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Commemorating 191 years since the birth of poet, educator and patriot Grigor Prlichev

On January 18, the Macedonian literary scene commemorates 191 years from the birth of Macedonian poet and author Grigor Prlichev. He is famous for leading a popular revolt against the influence of the Greek church in the Ohrid region. Inspired by the events, he wrote the song 1762 Leto which recounts the events leading to the annulling of the Macedonian Church of Ohrid and shines light on an age-long rivalry between Macedonians and Greeks.

Prlichev was born in Ohrid in 1830 and led a life full of surprises and challenges, but it was a life dedicated to the Macedonian cause.

Portrait of Grigor Prlichev

Grigor’s father passed at a young age and felt he needed to provide for his family. An serious leg injury that he sustained when little had inspired him to sign up as a helper in the medical practice of Kostadin Robev, of the famed Ohrid family Robevci. His love for medicine could only be overshadowed by his keen interest in poetry and writing. Grigor Prlichev became a student of Dimitar Miladinov of the Miladinovi brothers and later worked as a teacher in Tirana and Ohrid.

Feeling strong revolt against the unpopular Greek bishop of Ohrid, Prlichev incited the people to raise their voice and demand his resignation. The Ottoman authorities, acting on a request from the Greek church, imprisoned Prlichev in the Debar jail for playing a role in the protest.

Prlichev’s most remarkable achievement is his poem Serdarot, written in the Greek language and inspired by the heroic figure of Kuzman Kapidan, who was protector of the common folk against Gheg raids in the Reka region. In this work, Prlichev poeticizes Kuzman’s clash with a band of Albanian marauders and his ultimate death.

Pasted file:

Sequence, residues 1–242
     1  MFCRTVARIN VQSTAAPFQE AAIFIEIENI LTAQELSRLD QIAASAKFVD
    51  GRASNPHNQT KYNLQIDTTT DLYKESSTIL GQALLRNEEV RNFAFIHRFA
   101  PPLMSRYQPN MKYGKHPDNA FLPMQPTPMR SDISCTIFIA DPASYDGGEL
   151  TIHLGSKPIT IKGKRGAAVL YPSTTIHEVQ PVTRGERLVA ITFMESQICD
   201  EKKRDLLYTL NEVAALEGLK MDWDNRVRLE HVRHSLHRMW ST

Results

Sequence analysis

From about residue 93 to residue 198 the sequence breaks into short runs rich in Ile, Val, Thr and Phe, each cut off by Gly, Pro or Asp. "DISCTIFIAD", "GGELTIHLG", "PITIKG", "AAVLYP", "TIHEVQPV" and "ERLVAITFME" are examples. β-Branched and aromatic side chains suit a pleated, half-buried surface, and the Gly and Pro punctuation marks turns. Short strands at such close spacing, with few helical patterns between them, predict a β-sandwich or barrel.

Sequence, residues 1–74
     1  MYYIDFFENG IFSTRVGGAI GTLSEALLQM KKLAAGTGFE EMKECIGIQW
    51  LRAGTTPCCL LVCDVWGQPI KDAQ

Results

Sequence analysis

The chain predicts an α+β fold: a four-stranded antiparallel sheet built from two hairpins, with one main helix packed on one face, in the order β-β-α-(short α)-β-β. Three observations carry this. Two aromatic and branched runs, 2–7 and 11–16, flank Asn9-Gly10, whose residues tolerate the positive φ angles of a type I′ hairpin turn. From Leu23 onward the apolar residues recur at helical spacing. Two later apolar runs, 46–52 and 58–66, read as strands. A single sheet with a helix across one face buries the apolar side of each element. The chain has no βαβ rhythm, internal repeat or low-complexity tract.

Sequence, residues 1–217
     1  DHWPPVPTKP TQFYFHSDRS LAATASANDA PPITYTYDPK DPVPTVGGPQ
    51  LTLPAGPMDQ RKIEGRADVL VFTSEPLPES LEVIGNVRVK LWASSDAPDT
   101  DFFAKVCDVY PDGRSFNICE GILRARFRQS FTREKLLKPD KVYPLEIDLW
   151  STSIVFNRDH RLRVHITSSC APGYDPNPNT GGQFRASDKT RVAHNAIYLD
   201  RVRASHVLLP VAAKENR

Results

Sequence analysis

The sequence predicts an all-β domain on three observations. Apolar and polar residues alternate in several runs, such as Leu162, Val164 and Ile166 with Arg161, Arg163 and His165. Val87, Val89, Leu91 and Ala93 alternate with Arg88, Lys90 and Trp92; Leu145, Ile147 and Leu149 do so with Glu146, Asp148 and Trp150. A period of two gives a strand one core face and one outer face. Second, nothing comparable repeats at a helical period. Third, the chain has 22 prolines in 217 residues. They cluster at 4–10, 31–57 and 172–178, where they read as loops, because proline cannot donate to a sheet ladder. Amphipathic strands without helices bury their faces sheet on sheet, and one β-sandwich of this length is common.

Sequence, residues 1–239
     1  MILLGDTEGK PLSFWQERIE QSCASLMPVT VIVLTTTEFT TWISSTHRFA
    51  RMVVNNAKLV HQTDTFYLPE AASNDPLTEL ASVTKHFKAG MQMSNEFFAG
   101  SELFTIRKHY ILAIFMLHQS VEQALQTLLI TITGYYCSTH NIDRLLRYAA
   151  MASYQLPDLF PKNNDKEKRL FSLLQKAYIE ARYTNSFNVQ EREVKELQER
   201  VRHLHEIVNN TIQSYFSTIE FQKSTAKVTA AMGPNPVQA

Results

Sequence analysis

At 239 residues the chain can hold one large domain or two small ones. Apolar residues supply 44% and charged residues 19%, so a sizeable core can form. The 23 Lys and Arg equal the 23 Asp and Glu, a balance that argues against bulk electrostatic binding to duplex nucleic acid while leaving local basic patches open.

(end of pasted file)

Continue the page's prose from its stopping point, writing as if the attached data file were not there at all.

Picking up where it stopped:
Greek publication of Serdarot

Prlichev submitted Serdarot to a poetry competition in Athens in 1960 and ultimately won first prize. The Greek literary establishment endowed Prlichev with the epithet “Second Homer,” offering him stipends to study in Berlin or Oxford, however, not wanting to serve the Greek cause, Prlichev refuses to trade his ethnic origin and convictions for the imminent prestige.

Although Serdarot is Prlichev’s most celebrated work, he will be remembered for having written the song 1762 Leto which is important for grasping the mood among the Macedonians of Ohrid in the face of the annulment of the Macedonian Church of Ohrid the same year.

1762 Leto is an eerie reflection of one of the most important events in the history of the Macedonian people. The annulment of the Church of Ohrid resulted in the opening of the Macedonian land to the subsequent ‘soft war’ that was led by Greece and Bulgaria for the conversion of the Macedonians into Greeks and Bulgarians through the work of their respective churches.

Saint Clement Church in Plaoshnik, Ohrid

He will send his own bishops
Saintly faces – wolves at heart
They will squeeze you, they will shear you,
They will milk your blood.
Hey! They will take your blood.

Prlichev provides an important historic reference with his poem: that the Archbishop (Patrik) of Ohrid Arsenij was beloved among the people; that the Church held together the Macedonians; that the Greeks had been pressing against the Macedonians in what seems to be a historic rivalry; and ultimately, that the Macedonians would become internal enemies because of foreign meddling in their daily lives.

The annulment of the Church of Ohrid was completed by a decree of Sultan Abdul Hamid I and likely preceded by a strong diplomatic game on the part of the Greek Patriarchy of Constantinople. Prior to the annulment of the Church, the Patriarchy had installed its own Archbishop Ananie, but following a popular revolt, Patrik Arsenij became the last Macedonian archbishop until the renewal in 1945.